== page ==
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Confronting the Dark Side of Democracy

Darfur's ethnic cleansing reflects a global issue.

September 05, 2004|Michael Mann

Janjaweed militiamen, accompanied by three carloads of soldiers, recently killed 111 people in one day in three villages near Bareh in western Sudan.

In one of them, Terchana, "they took the cattle and burned all the village," said 42-year-old Adam, a local farmer. "They took some food for their horses and burned the rest. Helicopters came when we were burying the bodies, right after the attack. They were flying low. We could see the pilot. He killed an old woman and a horse. The janjaweed were wearing uniforms."

He said the villagers were used to Arab nomads occasionally stealing cattle, but "nomads never came with cars and helicopters. This is the government. We had a self-defense unit, but when we saw the cars we said 'this is the government' and we ran. The government doesn't like black people."

The conflict raging in the province of Darfur in western Sudan consists of many such incidents. Thousands have been killed, hundreds of thousands made homeless. The threat of United Nations sanctions hasn't stopped the violence; the appearance of aid workers hasn't ameliorated the tragedy. The roots of this ethnic cleansing lie in a conflict over land between Arab nomads and African farmers. As the Sudanese government became more Islamist in the 1980s, it sided with the region's Arabs, provoking African resistance. Short of military resources, the government armed Arab nomads to do its fighting. These janjaweed ("brigand") militias only worsened the conflict.

In February 2003, an African Sudan Liberation Army emerged and formed self-defense groups. As Adam indicates, such a group is no match for the janjaweed and government soldiers. Many think such ethnic cleansing is an affliction of primitive peoples, part of an African "disease," and they blame evil men in the Sudanese government. But this is misleading. Ethnic cleansing is modern, not primitive, not confined to Africa and not the simple product of good versus evil.

Think of another conflict over land between peoples with different economies, one much better armed and willing to pay desperados to kill and burn. It was right here in America, and in California. President Thomas Jefferson said the "barbarities" of the native Americans "justified extermination." Looking back, President Theodore Roosevelt said "extermination was as ultimately beneficial as it was inevitable." The first three California governors publicly urged extermination, and the first California legislatures authorized settler militias to hunt down Indians, paying them $1.1 million in 1850 and 1851 alone. Gen. Phil Sheridan notoriously summed up local feeling: "The only good Indians I ever saw were dead." Ethnic cleansing is our history too.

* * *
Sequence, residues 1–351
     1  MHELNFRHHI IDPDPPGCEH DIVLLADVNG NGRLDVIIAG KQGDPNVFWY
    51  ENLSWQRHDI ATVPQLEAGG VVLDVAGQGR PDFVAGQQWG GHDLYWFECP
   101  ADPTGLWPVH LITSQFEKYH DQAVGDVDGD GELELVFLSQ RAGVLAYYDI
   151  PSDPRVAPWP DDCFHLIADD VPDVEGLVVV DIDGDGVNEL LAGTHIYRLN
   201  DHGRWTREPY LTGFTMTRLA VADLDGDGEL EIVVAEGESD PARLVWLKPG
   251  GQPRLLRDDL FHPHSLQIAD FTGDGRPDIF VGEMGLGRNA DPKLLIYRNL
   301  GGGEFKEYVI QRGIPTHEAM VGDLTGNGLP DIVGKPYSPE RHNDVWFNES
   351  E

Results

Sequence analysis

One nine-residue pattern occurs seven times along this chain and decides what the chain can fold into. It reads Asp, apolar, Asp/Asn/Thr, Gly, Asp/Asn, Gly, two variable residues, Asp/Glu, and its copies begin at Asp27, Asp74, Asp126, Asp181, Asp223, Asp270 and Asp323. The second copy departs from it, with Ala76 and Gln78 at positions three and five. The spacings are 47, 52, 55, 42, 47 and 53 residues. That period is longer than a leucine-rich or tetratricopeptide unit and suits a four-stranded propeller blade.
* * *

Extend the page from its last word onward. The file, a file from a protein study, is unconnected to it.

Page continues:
Two fundamental issues are involved in Darfur. One is the economic conflict over land between the two groups, an echo of past colonial encounters between settlers and indigenous peoples. Now, it's a matter of scarce water and a changing ecosystem. In Sudan, the Sahara Desert is creeping south, pushing Arabs with it and into collisions with African farmers. Global warming can only produce more such "resource wars" around the world.

The second issue is political. It is what I call the dark side of democracy because it arises as a perversion of the ideal of rule by the people. The Greeks had two words for "the people," demos and ethnos. We retain them in words like "democracy" and "ethnicity." Unfortunately, demos and ethnos become confused if one ethnic group claims to be the "true" people of a country. "Democracy" may be perverted into rule by that ethnic group. There have been countless slogans like "Poland for the Poles," "Serbia for the Serbs" or "Hutu democracy." These are national liberation movements, but they often also discriminate against minorities. The worst-case scenarios result in ethnic cleansing, a perennial hazard of the age of democracy.

In Sudan, Islamists captured the state and sought to make it represent the "true soul," Islamic and Arabic, of the people. This provoked Christians and animists, who form the majority in the south of the country. A terrible civil war, now 20 years old, ensued. In western Darfur, civil war came more slowly -- its Arabs and Africans are both Muslim. Conflict emerged, however, over language differences and the African version of Islam, more relaxed than Islamists can stomach. Now, cultural as well as economic issues fuel the clash over which "people" should control the state.

So Darfur's sufferings are not those of primitive peoples, nor are they Africa's problems alone. They are the world's problems. The Sudanese regime is not simply evil. It has pursued misguided policies; it is increasingly complicit in atrocities and then lies about it. But it is in the company of many governments, including the United States.

We must go beyond our customary rhetorical denunciations and Band-Aid relief efforts to tackle the underlying economic, environmental and cultural issues. We must help the Sudanese government reverse course, for we lack the power to force it to do so. Unless we act decisively, but with understanding, there will be many more Darfurs.

UCLA sociologist Michael Mann is the author of "The Dark Side of Democracy: Explaining Ethnic Cleansing," published this month by Cambridge University Press.

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